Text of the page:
“As you’ve seen across the country, what it doesn’t seem to be related to, at least not very much, are these draconian regulations that state Legislatures attempt to put in place,” said Jodi Liggett, director of public policy for Planned Parenthood Arizona. “And I think what you’re seeing in Arizona is despite the intentions of the sponsors of these bills, they’re not actually moving the needle very much.”
Abortion foes disagreed.
“I feel like we have moved the needle — a five percent decrease is still significant,” said Aaron Baer, communications director for the Center for Arizona Policy, which has backed a series of bills targeting abortion that became law. “And at the end of the day, we view it as Arizona’s efforts to pass common-sense laws to protect pre-born children and their mothers have been successful.”
Baer probably shouldn’t be so confident about the (comparatively pathetic) success of those CAP laws for two reasons: One is that Arizona is bordered by states that still have liberal abortion laws (California is actually getting more expansive) so it’s entirely possible that some women from Arizona are traveling to those states for their procedures so as to avoid the hassles of getting them here. The other is that we border Mexico, where there is a booming black market trade in abortion pills.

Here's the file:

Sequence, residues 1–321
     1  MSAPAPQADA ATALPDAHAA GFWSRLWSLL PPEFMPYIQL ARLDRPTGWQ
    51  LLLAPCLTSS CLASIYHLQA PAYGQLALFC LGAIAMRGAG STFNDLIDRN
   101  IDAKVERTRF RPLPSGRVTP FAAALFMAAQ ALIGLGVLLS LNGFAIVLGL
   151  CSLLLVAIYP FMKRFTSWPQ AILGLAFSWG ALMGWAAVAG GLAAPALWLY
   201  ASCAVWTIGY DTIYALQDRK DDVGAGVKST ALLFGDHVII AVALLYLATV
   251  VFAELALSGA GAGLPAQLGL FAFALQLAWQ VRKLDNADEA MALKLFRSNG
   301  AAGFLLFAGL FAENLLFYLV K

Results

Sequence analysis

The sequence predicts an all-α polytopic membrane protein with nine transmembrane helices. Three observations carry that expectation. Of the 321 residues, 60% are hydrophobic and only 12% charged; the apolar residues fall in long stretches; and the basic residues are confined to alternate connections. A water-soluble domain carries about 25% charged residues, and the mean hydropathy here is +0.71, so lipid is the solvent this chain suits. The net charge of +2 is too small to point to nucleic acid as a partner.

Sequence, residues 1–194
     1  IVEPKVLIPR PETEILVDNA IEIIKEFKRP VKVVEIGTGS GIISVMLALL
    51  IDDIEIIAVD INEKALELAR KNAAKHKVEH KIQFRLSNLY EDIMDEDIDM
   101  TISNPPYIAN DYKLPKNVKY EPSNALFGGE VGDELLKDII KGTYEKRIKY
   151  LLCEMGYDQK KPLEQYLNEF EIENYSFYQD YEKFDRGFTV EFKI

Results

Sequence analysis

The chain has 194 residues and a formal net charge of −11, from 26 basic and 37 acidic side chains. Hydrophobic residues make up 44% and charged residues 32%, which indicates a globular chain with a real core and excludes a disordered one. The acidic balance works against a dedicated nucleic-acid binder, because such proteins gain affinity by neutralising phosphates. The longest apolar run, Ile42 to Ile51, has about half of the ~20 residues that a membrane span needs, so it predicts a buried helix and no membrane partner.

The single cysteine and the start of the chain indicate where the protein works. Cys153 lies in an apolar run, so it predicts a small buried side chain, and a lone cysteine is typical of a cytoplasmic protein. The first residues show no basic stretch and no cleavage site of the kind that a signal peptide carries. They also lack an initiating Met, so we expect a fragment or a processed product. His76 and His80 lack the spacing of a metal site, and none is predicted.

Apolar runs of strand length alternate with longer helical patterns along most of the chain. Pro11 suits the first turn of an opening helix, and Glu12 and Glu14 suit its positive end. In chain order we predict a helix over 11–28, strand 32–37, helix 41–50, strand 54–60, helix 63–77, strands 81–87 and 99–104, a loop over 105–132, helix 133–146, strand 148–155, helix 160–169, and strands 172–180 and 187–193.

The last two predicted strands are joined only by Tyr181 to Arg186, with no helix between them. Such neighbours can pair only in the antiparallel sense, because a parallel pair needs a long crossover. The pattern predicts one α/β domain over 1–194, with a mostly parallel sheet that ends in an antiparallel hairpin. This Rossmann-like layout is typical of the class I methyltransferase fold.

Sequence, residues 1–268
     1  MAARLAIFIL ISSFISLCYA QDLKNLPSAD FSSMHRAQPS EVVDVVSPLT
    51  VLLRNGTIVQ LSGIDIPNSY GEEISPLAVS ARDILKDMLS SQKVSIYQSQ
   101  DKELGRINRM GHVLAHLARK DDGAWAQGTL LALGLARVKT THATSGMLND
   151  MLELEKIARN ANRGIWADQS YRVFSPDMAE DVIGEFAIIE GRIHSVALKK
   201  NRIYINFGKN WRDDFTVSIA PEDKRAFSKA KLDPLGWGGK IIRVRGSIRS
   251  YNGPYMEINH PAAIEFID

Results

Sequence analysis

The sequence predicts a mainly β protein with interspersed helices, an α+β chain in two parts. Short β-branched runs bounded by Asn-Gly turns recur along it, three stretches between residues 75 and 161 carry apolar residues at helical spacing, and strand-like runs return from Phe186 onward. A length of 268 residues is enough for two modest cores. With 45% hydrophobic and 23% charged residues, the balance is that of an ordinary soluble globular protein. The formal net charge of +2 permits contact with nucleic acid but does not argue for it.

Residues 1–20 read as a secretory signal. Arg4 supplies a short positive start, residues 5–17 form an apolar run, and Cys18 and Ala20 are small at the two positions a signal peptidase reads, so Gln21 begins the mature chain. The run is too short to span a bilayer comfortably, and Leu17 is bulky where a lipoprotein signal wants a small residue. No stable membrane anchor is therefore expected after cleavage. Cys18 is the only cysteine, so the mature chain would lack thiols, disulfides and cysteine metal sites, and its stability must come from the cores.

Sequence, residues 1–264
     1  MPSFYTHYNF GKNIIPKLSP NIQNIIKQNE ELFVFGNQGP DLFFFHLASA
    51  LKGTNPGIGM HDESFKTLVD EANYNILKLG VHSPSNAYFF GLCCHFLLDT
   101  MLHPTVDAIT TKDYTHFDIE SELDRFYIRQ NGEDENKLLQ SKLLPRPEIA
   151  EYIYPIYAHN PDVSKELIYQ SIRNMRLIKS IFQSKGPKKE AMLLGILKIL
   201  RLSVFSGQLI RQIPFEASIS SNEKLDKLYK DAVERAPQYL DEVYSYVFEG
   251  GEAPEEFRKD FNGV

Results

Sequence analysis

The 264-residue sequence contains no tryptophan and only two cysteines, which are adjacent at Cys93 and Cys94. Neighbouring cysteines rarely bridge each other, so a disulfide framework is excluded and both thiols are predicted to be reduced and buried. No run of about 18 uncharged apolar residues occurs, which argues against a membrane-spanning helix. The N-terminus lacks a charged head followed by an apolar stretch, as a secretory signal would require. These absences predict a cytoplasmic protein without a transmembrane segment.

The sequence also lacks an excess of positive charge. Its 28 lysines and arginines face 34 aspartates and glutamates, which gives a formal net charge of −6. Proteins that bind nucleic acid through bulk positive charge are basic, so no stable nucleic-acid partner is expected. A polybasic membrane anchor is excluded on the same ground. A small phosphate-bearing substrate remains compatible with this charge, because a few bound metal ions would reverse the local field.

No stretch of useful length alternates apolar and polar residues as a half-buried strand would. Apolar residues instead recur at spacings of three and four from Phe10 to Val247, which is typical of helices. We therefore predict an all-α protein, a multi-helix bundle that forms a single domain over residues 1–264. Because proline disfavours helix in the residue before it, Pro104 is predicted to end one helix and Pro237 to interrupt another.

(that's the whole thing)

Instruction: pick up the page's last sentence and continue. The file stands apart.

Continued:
Leaving aside the availability of more effective birth control methods, which many experts attribute the continuing decrease in abortions nationwide, the ability of some women Arizona women to travel to New Mexico or California to get abortion care, or to get misoprostol from Mexico, could easily account for a reduction of 700 abortions performed in Arizona in 2014 versus 2011. It’s silly to assume that those abortions simply didn’t happen because they weren’t done here by legal providers. But then, I would never expect wisdom from the forced birth crowd. By the way, this stat doesn’t exactly speak well to the efficacy of all those Crisis Pregnancy Centers that have popped up around the state, does it?
If anti-abortion activists in Arizona want to deny the possibility of women traveling outside the state then they also have to ignore that their counterparts in Louisiana and Michigan making that exact claim for why the number of abortions in those states have increased.
In both Louisiana and in Michigan, where abortions rose by 18.5 percent, the increases were due in part to women coming from other states where new restrictions and clinic closures have sharply limited abortion access. Anti-abortion groups said many Ohio women were going to Michigan and many Texas women to Louisiana.
Lori Carpentier, chief executive of Planned Parenthood Mid and South Michigan, argued that one factor in Michigan’s increase was inadequate public funding for family planning.